top of page
  • M.J. Gissas

The Benefits of Converting Your IRA to a Roth IRA

Updated: Jan 3, 2022

The individual retirement account (IRA) is a smart move for forward-thinking American workers. It grows through investment and contribution and either provides immediate tax incentives or even better tax incentives upon retirement.

In fact, that’s the main difference between a traditional IRA and a Roth IRA: traditional IRAs let you avoid paying taxes on contributions, but Roth IRAs let you avoid paying taxes on withdrawals.

The traditional IRA has a chance to help you qualify for tax breaks in the short run because your contributions aren’t taxed once they enter your IRA, and you can deduct those contributions from your year-end tax liability. However, once you retire, you’ll be paying ordinary income taxes on withdrawals from your account in your post-retirement tax bracket.

The Roth IRA keeps your total tax liability low by taxing you in your current-year tax bracket on your contributions. While you can’t deduct those contributions on your year-end taxes, you won’t have to pay ANY tax on withdrawals after retirement.

For lots of Americans, that means there are some serious benefits to converting a traditional IRA to a Roth IRA.

Pay Tax Once at Your Current-Year Tax Rate

When converting your traditional IRA to a Roth IRA, you’ll have to pay the taxes on your contributions that you haven’t been paying until the time of your conversion. Luckily, because of the rules of a Roth IRA, that means you’ll only be paying at your current-year tax rate, which is likely to be lower than your retirement tax rate.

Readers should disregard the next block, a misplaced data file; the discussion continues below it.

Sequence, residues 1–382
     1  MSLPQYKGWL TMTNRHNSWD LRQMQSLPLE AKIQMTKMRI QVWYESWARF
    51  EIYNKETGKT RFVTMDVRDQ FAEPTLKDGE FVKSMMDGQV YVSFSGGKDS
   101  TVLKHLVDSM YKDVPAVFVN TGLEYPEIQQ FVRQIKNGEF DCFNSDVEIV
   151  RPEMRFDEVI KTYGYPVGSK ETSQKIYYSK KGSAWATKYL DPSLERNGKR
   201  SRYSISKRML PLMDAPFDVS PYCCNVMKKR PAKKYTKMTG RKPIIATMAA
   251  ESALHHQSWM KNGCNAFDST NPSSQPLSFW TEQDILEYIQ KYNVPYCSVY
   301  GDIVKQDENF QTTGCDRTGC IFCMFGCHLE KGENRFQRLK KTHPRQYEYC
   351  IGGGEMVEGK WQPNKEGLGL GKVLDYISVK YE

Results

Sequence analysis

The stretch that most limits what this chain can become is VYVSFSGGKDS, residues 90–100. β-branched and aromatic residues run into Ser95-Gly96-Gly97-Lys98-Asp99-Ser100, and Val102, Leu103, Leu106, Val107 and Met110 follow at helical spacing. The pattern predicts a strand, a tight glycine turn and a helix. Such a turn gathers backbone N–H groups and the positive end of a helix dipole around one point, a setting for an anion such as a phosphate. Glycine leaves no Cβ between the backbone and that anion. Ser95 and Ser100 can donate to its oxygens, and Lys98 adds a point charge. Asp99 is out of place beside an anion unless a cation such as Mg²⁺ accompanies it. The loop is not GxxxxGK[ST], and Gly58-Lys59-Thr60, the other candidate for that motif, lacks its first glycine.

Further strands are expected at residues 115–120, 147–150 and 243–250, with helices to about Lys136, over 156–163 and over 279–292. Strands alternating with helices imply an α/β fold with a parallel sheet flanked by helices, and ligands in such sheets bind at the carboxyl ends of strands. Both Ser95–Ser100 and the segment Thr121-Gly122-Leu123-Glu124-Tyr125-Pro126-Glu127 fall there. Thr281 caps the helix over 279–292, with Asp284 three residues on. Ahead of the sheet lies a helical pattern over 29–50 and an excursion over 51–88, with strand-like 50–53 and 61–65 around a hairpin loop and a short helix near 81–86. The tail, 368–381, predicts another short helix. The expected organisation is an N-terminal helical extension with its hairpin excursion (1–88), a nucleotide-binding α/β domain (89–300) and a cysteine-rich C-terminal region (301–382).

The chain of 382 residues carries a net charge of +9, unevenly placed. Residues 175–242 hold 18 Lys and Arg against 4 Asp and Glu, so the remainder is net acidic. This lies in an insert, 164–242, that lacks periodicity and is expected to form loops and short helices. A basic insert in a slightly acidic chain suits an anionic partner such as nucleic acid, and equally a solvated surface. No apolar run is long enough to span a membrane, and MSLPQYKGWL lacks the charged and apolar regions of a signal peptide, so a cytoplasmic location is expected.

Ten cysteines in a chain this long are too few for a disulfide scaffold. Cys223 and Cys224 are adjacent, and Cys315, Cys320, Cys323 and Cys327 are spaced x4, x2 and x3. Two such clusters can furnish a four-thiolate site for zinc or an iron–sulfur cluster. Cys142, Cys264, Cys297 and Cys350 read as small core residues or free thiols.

Once converted, you’ll continue to pay taxes on contributions at your current-year tax rate – but the conversion doesn’t require you to pay any more than you would have if you had held a Roth IRA since you started saving (assuming you haven’t moved tax brackets.)

No Tax on Withdrawals from Roth IRA after Retirement

Five years after your first contribution and age 59.5, withdrawals on your earnings are tax-free. If you’ve done some hefty saving that has put you in a higher tax bracket, it won’t matter for your withdrawals – you have no tax liability, so you get to keep that extra money you would otherwise be paying on each traditional IRA withdrawal in your higher tax bracket.

Flexibility on Withdrawals

With no tax liability, you can choose how much you withdraw each year to match your lifestyle. Beneficiaries of your IRA will also have no tax liability, so you can pass on some of your savings tax-free to help family members go to school or realize their dreams.

Roth IRAs give you a better chance to control your post-retirement income without worrying about post-tax withdrawal totals. Thanks to law changes that favor contributors, converting from a traditional IRA to a Roth IRA is generally simple and problem-free.

But be careful; don’t convert if you don’t have the capital to cover the taxes without dipping into your existing IRA. You’ll have to pay penalties and taxes on withdrawals from your traditional IRA if you plan to use the account to convert, which can lower your retirement savings quite a bit.

If you plan to convert, build separate savings that will cover your tax liability for conversion so you can pay it upfront. It’s the smoothest way to transition and ensure that you have flexible, bountiful income during retirement.

For individualized financial help rolling a traditional IRA to a Roth IRA, schedule an appointment with Americans for Life.

10 views0 comments


bottom of page